Aside from the common “food vs. fuel” debate surrounding ethanol from corn, rising corn crop prices and slower rising ethanol prices has resulted in ethanol plants suffering significant net losses. Ethanol producers have to find additional revenue streams from the total product of their production process including by-products, such as CO2 which unlike CO2 from coal plants, is regarded as pure with a CO2 concentration of up to 99%.
Without a significant drop in corn crop prices or a significant rise in ethanol prices, and a rise in CO2 or other by-product prices such as distiller’s grain, producers will continue to struggle and financial losses cannot be sustained forever. In addition to ethanol and CO2 revenue streams, ethanol producers also sell dried distiller’s grain from the corn however even with this additional revenue stream ethanol plants are still suffering losses in the current market. The ethanol process also produces a stillage which has little economic value and is thus disposed of. An entirely new use of the by-products that can deliver returns directly to the plants is required in order to offset the losses and sustain the ethanol plants.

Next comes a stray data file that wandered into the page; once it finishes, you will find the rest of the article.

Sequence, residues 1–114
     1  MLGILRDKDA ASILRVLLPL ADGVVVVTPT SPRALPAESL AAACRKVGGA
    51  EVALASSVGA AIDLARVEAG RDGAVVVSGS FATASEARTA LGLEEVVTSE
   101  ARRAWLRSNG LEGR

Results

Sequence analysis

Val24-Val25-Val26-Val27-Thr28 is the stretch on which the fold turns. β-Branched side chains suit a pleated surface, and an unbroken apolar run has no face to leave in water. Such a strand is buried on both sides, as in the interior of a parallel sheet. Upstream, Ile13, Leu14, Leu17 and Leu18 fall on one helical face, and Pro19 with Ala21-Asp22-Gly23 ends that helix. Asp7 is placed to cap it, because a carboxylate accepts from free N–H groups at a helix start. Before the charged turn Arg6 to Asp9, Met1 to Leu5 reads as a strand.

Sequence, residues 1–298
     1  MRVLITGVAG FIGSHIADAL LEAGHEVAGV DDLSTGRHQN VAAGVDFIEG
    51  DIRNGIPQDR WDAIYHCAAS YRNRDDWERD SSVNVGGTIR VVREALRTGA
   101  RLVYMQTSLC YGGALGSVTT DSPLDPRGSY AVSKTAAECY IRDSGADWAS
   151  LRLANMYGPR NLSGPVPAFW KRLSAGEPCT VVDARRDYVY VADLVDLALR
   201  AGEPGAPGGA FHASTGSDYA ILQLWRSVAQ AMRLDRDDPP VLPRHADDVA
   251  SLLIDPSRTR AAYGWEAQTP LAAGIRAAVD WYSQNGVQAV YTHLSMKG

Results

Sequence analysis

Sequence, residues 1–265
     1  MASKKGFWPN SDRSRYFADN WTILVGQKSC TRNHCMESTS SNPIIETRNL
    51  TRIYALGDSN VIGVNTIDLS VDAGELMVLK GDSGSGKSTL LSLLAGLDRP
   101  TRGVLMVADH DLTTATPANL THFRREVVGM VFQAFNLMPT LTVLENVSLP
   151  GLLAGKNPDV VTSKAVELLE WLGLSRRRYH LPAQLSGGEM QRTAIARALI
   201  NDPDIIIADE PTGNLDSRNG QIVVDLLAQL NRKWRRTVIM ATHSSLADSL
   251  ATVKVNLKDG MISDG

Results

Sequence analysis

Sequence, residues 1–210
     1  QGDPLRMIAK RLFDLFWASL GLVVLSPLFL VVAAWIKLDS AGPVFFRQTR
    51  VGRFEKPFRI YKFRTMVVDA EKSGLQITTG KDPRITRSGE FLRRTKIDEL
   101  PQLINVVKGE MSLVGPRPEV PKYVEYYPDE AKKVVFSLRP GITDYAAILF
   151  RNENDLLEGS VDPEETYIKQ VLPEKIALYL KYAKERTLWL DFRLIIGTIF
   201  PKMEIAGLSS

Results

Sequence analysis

CO2 market is not enough
Ethanol producers have identified an additional revenue stream from CO2, and ethanol based CO2 by-product now makes up nearly one third of the North American supply of CO2. However, the revenue contribution of the CO2 is still small and ethanol producers cannot cover their losses even with the additional revenue from CO2.